Perkins rode herd on the “millionaire officers” and appointed a professional general manager to run day-to-day operations. The first was a capable man named Clarence Funk. After ten years, however, the McCormicks borrowed $5 million from J. D. Rockefeller and gained control of the corporation. Their first move was to replace Funk with a GM of their own choosing, one Alexander Legge. It was Legge’s vision and fortitude that would give birth to the Farmall tractor.
International Harvester, also known as “Harvester,” or simply “IH” went on to become the largest, most successful truck, tractor, and agricultural implement company in the world. Some of the very best multi-purpose tractors came from IH under the tradename Farmall. But it was seldom smooth sailing for the Chicago-based International Harvester. Competition, economic depression, labor problems, drought in the farm belt, and difficulties obtaining working capital plagued Harvester and the rest.
William Deering was one who capitalized when McCormick delayed patenting his new harvesting system developments. By the time he was forty years old, Deering had made a substantial fortune in dry goods in the East. Deering traveled to Chicago in 1870 to investigate a land investment and happened to call on an acquaintance, Elijah Gammon. Elijah had invested in the newly invented and promising Marsh Harvester and offered Deering the opportunity to get in on it, too. Deering did, and in two years his investment had doubled. Deering then moved to Chicago and became active in the farm implement business.
Cyrus Hall McCormick
Cyrus Hall McCormick was born to Robert and Mary Ann McCormick on February 15, 1809. The McCormicks were fairly wealthy Virginia farmers with more than 500 acres of land. Robert was a man of mechanical ingenuity. He had tinkered with a mechanical reaper for many years without much success. When son Cyrus was old enough, he most likely joined his father in reaper experiments. When Cyrus grew up, he began doing these experiments on his own, in an effort to lighten the labor-intensive job of grain harvesting on the McCormick farm. In July 1831, Cyrus McCormick demonstrated a successful grain-reaping machine. Two men and one horse could harvest about one acre per hour. The accepted rate for a man with a cradle scythe was an acre per day.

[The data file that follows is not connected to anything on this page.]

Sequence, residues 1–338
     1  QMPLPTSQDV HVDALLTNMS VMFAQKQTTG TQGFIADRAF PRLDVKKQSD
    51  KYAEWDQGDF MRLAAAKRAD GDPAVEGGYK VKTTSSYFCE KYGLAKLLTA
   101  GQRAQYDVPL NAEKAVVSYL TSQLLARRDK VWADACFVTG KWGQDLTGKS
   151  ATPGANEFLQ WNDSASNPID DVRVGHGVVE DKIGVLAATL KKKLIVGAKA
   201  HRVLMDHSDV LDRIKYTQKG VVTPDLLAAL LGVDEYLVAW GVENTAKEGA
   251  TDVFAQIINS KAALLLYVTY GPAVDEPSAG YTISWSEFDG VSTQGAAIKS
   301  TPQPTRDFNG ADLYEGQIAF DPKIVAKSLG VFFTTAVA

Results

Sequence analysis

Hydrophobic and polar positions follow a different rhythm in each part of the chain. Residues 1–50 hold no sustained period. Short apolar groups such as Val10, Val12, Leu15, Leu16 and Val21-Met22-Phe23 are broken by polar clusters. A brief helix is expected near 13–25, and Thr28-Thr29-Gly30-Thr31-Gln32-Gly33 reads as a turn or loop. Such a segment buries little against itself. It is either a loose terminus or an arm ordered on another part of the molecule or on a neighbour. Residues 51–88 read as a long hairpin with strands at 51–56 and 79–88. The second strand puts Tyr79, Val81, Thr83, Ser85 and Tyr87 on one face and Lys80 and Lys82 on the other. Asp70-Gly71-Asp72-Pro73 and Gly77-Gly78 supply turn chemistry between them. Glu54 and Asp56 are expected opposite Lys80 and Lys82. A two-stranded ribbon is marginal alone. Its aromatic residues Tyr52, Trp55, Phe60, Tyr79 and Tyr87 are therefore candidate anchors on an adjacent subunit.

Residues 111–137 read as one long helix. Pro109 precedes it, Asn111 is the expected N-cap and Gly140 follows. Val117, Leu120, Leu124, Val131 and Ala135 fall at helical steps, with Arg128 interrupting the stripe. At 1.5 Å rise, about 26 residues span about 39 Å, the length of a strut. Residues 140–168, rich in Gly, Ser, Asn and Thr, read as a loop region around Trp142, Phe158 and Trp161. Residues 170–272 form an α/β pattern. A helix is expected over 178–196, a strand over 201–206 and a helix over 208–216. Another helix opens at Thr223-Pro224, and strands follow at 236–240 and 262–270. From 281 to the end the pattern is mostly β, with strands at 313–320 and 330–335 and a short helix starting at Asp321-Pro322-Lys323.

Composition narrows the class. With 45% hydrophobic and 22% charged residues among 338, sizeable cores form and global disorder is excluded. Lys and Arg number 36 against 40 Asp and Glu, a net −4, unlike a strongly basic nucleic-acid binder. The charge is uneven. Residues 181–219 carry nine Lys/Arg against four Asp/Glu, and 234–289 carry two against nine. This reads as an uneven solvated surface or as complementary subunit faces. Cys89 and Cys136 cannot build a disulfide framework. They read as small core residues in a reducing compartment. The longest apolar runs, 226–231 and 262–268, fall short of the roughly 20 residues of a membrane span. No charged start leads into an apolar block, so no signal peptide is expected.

Besides selling a few reapers to neighbors, C. H. McCormick was interested in running his own farm and in refining other farm inventions that he and his father had developed. Meanwhile, Obed Hussey patented a reaping machine in 1833.
Cyrus then secured his own patent and battled Hussey in the courts and on the fields until Hussey’s untimely death in a railroad accident in 1860. Unfortunately for both, their patents ran out at the same time that mechanical reaping really caught on. Other farm implement companies brought out reapers of their own and then began competing for the rights to new inventions, such as the self-raking reaper, the binding reaper, and the twine knotter.
Like John Deere and J. I. Case, McCormick soon recognized that the market was in the Midwest, so he moved his production enterprise, the McCormick Harvesting Machine Company, to Chicago, Illinois, in 1847. The business was incorporated in 1879.
Cyrus Hall McCormick died in 1884, but his widow and his son, Cyrus Jr., obtained controlling interest in the corporation.